Patent new food recipe

Say you come up with the best pizza topping combo ever! Can you protect it? No. Why not?

For a food recipe to be protected, the new combination of ingredients must yield an unexpected result.

For instance, the first Norwegian to make Lutefisk could have patented the process of:

  1. salting and drying cod;
  2. rehydrating the dried, salted cod for may days (and then some);
  3. adding lime; and
  4. again leaving the fish to ”mature”.

Because, who would have expected this process to: reduce the protein in the fish by more than 50%; break down the cell structure; and leave you with something with the consistency of jelly? It may not sound that appetising, but my, is it worth a try.

Another example: Garum – the “ketchup of Roman times”. Fish (with heads and guts) were mixed in a container with salt (20% by weight), and the salted fish was left to “mature” for 4 months in the sun. Thereafter, the juices were squeezed out of the putrid mush and mixed with a small amount of “turned” wine.

Not only was this sauce so well preserved that it “kept” for over a year, but the process also created monosodium glutamate – that wonderful powder in an AROMAT shaker. This process of making MSG could have been patented. It was only in 1908 that MSG was “re-discovered”, became a worldwide hit, and contributed Doritos (Nacho Cheese Flavour) to humankind.

Basically, the addition of your new ingredient must yield an unexpected ”technical result” other than change the taste – does it preserve the food? reduce cooking time? or create a new chemical? … Just adding:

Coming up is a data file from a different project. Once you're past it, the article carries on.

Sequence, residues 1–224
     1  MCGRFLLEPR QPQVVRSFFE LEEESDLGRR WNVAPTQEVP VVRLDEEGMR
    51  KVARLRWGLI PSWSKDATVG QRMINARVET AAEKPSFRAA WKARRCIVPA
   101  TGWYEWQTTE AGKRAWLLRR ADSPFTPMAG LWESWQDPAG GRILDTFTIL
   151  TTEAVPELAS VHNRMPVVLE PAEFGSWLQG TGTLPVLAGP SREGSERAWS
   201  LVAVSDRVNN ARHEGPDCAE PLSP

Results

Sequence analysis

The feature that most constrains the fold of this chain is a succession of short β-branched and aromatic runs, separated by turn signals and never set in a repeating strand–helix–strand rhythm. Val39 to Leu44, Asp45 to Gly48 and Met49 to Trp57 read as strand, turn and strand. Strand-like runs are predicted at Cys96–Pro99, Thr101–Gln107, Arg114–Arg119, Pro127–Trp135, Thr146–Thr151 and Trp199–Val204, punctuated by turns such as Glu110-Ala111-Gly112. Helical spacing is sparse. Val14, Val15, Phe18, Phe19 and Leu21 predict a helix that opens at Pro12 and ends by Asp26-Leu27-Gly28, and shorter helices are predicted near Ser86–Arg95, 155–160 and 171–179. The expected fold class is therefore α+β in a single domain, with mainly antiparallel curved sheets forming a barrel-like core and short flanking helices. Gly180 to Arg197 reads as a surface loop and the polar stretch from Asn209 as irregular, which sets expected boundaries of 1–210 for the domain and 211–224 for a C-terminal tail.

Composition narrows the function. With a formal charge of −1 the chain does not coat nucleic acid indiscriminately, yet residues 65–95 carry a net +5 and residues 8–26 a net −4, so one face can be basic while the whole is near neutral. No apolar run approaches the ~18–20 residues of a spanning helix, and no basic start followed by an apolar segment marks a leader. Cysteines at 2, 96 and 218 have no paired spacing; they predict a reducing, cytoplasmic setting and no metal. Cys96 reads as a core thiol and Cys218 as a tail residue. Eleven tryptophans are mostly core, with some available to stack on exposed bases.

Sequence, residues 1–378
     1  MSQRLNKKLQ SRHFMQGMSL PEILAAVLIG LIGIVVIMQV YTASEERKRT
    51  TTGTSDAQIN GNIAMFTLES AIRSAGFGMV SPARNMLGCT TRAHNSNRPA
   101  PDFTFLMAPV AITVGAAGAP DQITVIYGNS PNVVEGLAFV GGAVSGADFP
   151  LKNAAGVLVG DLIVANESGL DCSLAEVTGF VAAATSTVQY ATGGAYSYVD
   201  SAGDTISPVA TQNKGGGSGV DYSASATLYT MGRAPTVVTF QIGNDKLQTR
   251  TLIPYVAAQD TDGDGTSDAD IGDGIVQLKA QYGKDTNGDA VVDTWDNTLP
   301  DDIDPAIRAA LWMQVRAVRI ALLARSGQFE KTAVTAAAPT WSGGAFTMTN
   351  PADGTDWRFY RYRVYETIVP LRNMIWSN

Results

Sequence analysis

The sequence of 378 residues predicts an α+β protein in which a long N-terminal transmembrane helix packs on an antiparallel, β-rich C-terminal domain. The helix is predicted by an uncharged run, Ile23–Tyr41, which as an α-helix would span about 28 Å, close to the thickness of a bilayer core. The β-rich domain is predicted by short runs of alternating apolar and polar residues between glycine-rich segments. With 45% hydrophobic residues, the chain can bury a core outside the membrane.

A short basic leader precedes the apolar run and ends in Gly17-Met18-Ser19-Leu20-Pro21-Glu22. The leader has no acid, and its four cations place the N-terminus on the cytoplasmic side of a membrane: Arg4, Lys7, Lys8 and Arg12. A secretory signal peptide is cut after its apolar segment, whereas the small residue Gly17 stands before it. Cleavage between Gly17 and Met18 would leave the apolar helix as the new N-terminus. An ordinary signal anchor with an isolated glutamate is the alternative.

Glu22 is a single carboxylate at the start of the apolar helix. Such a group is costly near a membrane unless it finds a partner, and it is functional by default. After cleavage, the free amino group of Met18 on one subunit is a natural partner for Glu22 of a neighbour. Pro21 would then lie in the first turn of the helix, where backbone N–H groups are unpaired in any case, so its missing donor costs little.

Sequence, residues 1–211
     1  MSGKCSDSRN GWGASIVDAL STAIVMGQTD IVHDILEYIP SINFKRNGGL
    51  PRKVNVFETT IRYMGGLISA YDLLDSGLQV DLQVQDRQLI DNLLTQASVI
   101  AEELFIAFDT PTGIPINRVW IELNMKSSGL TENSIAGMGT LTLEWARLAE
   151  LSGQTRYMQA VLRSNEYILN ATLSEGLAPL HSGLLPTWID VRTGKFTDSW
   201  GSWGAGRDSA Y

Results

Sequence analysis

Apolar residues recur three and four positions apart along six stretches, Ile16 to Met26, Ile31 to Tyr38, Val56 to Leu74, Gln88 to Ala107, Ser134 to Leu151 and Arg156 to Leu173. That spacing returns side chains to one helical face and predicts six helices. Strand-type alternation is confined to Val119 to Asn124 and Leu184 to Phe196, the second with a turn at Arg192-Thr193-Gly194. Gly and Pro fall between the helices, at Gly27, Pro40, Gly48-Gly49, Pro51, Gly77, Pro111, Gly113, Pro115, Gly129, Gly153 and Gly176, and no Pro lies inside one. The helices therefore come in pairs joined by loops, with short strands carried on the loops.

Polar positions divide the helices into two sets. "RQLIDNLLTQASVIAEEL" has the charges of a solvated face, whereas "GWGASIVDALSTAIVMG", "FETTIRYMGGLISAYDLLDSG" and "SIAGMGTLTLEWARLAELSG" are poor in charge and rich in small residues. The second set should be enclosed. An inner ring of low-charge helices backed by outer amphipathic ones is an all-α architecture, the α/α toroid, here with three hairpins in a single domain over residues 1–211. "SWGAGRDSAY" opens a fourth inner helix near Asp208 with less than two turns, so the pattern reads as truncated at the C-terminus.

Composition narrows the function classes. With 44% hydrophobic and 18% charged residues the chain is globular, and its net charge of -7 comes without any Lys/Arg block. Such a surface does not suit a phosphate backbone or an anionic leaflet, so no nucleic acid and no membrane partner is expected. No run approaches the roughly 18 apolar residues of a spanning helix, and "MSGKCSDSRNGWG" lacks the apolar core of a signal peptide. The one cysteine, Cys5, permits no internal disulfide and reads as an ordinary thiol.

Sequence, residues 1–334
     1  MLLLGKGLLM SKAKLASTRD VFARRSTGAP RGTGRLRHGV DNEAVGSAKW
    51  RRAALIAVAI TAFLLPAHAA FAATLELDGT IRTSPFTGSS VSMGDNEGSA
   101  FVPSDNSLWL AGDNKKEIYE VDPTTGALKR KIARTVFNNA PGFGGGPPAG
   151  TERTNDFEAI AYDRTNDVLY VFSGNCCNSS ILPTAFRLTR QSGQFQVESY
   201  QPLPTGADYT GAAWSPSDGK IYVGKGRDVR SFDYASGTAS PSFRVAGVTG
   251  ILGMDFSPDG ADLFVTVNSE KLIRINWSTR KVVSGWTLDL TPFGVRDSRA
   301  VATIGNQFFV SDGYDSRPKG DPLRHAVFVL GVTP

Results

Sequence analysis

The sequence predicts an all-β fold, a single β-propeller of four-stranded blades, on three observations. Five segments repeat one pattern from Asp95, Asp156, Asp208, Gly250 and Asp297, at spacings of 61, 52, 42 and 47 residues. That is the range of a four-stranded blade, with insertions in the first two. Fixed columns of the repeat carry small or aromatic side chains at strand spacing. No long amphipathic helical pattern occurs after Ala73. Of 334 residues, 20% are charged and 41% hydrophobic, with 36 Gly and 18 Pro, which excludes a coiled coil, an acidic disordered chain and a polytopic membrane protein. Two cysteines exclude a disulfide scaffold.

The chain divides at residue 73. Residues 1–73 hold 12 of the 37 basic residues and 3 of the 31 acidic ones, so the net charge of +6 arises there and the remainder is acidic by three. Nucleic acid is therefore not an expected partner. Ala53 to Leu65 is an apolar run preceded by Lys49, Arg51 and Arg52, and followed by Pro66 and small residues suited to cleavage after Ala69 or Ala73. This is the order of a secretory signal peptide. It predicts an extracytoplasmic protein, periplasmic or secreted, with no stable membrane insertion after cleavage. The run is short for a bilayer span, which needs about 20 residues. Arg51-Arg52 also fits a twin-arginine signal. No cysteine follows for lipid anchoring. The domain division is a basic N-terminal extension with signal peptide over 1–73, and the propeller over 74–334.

• sulphur dioxide to your Garum to extend the shelf life to 2 years may achieve a technical result, but a technical result that is “expected” from a preservative; and
  • a sixth spice to CHINESE 5-SPICE may be “new”. But, no matter how successful it is; no matter how many people love it, the spice just won’t “cut the mustard” from a patent perspective.

Having said this, KFC relied on its cooking method recipe patent to grow into the multinational it is today. MacDonalds even patented its method of making a sandwich. Also, nearly all popular sweets today (e.g. Rolo, Jelly Beans, Toblerone, Space Candy, Lifesavers, Eskimo Pie, Oreo, Wrigley’s) were once patented – the patent gave them room to gain a reputation. Even sauces, like Tabasco Sauce grew up under the protection of a patent. For great tips on how to patent recipes, visit Iptica Register Recipe and see our easy provisional patent drafting and filing guide.

Also file trademarks to protect your food brand. We : advise on the suitability of trademarks; check whether a conflicting trademark exists on the trademark register, and register trademarks worldwide. Also, consider protecting the secrecy of your recipe. We recommend the online confidentiality template available at “SuperNDA“>Iptica SuperNDA – using NDAs, Coke has maintained their recipe secret for over 130 years, and Colonel Saunders’ mix of spices has not been copied 80 years on.

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